The Army in the 1970s tried to impose standards for interoperability. They would create standards and require everyone to implement to their specifications on data formats, on exchange formats on languages on APIs.... It created tremendous technologies, like the internet, but it drove their costs through the roof. Ada is a good example there are only a small number of applications which support Ada and many of them are limited to very specific features. The computer industry is much larger today relative to the size of the military IT and thus American DoD has far less influence.

They don't have enough pull to just go with one standard. They need features from a variety of devices.

Re:My Wish (1)

ozmanjusri (601766) | about a year ago | (#43770855)

While all the news and discussion on Slashdot revolves around Apple, there actually IS a fork of Android for DoD and business.

http://www.samsung.com/global/business/mobile/solution/security/samsung-knox [samsung.com]

I expect most of the security improvements will also be available for standard Android before too long.

Re:My Wish (-1)

Anonymous Coward | about a year ago | (#43771213)

You mean the same Android that has no disk encryption, lies to Exchange via ActiveSync about security, has no universal policies (GPOs), and can easily be dumped by any box it gets plugged into via ADB or if that is off, MTP?

Android is definitely not ready for the enterprise in any way.

Re:My Wish (0)

Anonymous Coward | about a year ago | (#43771639)

Are you as dumb as you seem to be?

Read the FFFIng link, you moronic tosser. I mean, who gives a rats ass about your Microsoft crap - they can't even qualify to play in this game!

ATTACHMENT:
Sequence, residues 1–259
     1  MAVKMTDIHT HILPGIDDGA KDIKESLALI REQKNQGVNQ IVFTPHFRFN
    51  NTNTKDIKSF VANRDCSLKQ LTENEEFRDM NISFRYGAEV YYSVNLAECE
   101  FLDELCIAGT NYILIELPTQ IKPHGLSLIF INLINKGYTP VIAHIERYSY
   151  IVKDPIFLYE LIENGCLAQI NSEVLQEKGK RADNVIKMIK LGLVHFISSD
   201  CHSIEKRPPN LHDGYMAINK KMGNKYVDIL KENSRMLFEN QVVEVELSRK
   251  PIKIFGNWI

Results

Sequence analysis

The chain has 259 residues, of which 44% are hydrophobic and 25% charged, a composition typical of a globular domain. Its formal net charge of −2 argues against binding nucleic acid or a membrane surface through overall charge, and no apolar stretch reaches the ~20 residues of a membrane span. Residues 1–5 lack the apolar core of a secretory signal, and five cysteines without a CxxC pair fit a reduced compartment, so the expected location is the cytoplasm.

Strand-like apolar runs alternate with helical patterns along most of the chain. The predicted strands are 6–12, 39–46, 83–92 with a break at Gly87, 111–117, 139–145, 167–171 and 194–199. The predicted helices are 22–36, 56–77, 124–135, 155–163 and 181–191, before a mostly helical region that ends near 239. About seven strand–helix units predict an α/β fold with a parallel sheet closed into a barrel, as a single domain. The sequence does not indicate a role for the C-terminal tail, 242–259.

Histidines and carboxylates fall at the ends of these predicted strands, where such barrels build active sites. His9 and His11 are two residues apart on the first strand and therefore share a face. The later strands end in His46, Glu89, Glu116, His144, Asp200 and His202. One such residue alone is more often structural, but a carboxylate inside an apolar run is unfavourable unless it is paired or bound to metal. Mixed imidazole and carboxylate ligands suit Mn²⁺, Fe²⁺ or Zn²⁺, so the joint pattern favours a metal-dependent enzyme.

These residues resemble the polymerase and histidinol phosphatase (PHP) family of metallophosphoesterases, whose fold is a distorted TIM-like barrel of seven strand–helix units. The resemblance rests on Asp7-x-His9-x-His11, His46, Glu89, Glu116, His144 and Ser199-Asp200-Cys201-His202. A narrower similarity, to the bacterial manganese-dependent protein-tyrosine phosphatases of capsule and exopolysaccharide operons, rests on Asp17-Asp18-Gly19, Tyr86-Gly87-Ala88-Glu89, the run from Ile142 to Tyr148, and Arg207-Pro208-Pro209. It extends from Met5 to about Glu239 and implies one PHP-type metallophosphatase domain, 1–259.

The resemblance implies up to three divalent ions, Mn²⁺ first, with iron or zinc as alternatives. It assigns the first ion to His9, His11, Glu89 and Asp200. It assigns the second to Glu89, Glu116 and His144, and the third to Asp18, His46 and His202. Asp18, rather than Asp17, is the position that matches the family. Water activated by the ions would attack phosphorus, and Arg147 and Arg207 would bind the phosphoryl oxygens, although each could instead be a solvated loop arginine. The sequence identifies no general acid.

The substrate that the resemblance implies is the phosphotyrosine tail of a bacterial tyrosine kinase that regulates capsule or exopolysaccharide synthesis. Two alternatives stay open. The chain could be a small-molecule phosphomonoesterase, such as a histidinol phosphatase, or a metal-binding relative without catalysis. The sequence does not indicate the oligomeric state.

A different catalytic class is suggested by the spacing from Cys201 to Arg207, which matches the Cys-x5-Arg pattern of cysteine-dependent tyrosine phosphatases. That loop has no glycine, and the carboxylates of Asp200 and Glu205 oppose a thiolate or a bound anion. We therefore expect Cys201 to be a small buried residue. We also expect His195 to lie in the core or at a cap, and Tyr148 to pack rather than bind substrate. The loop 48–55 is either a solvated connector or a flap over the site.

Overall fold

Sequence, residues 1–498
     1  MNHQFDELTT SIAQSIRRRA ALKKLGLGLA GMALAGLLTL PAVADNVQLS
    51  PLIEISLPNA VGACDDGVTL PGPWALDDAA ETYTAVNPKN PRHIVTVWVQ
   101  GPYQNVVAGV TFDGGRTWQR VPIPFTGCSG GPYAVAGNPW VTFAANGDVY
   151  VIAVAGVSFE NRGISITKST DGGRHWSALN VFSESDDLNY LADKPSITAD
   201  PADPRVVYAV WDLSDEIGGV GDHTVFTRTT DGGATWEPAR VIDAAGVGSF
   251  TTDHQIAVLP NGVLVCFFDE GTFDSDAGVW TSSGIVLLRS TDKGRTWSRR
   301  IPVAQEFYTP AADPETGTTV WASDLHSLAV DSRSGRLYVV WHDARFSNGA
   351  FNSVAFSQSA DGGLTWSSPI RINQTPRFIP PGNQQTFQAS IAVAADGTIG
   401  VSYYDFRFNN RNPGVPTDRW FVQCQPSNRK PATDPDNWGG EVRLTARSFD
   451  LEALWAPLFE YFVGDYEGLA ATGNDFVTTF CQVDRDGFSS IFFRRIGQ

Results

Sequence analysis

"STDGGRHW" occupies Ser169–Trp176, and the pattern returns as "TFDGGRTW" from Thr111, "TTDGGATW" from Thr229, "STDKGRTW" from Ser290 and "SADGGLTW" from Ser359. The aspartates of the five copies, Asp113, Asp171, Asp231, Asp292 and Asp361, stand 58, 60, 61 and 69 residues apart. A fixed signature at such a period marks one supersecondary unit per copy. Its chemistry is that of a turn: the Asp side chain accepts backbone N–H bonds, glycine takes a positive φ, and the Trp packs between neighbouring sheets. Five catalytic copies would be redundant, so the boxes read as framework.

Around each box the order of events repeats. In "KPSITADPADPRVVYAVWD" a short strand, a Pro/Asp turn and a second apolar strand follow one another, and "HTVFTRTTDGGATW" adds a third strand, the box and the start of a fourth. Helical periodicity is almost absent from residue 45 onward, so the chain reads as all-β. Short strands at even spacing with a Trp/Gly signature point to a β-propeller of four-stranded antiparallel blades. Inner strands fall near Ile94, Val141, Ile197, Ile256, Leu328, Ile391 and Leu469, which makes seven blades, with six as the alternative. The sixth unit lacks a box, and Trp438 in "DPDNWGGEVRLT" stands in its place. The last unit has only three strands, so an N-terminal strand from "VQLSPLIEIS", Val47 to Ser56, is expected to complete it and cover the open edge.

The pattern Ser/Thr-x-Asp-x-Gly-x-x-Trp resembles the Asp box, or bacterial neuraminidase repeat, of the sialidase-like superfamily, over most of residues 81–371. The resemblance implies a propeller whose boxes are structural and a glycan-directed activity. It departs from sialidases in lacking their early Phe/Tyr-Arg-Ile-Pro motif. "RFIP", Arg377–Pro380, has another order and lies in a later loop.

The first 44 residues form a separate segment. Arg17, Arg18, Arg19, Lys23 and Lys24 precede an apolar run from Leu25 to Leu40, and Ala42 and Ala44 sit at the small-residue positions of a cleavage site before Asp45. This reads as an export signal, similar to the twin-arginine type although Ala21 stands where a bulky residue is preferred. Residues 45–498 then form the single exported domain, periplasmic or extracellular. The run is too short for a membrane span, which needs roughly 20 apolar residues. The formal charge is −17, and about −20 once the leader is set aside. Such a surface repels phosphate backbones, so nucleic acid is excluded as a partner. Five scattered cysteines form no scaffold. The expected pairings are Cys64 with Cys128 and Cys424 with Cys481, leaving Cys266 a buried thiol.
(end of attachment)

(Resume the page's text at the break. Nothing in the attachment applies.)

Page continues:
Cameras (1)

Kunedog (1033226) | about a year ago | (#43770183)

Some may be wondering how this could be possible when almost all Apple devices have built-in cameras. The military employs a skilled third party to remove them completely instead of just disabling them. Here is some of his work (a Mac with the iSight taken out): http://i40.tinypic.com/2yvs9ki.jpg [tinypic.com] .

FIPS? Common Criteria? (0)

Anonymous Coward | about a year ago | (#43770271)

Are we talking about FIPS or a Common Criteria EAL level? Or something else?

Is there any information about the specifics?

STIG has been issued (0)

Anonymous Coward | about a year ago | (#43770331)

Are we talking about FIPS or a Common Criteria EAL level? Or something else?

Is there any information about the specifics?

To reply to my own question: the Defense Information Systems Agency (DISA) released a Security Technical Implementation Guide (STIG) for iOS 6:

http://www.disa.mil/News/PressResources/2013/STIG-Apple
http://www.defense.gov/news/newsarticle.aspx?id=120073

FIPS certification for the crypto module was actually issued earlier this year. STIGs are available at the link below, with BlackBerry 10 S and Samsung Knox currently available, but it looks like iOS 6 hasn't yet been posted at the moment (Sunday, May 19):

http://iase.disa.mil/stigs/

I don't believe iOS has received a Common Criteria rating, which BlackBerry has.

That's fantastic news (0)

Anonymous Coward | about a year ago | (#43770421)

I'm glad the end of "don't ask, don't tell" let's all smartphones serve their country proudly.

hmmm (1)

slashmydots (2189826) | about a year ago | (#43770531)

US military networks must have an awful lot of RAM and power CPUs then because dropping an Apple bomb on them is quite the system resources burden, lol.

Re:hmmm (0)

Anonymous Coward | about a year ago | (#43773095)

US military networks must have an awful lot of RAM and power CPUs

I don't think you understand what networks are.

Re:hmmm (0)

Anonymous Coward | about a year ago | (#43773233)

Don't worry, this is where he'll reply about how he's an IT manager somewhere and has shloads of experience with everything, and then spout off a bunch of "facts" that aren't facts at all, and if they ever were true at any point on the timeline of humanity, it hasn't been true for at least 3 years.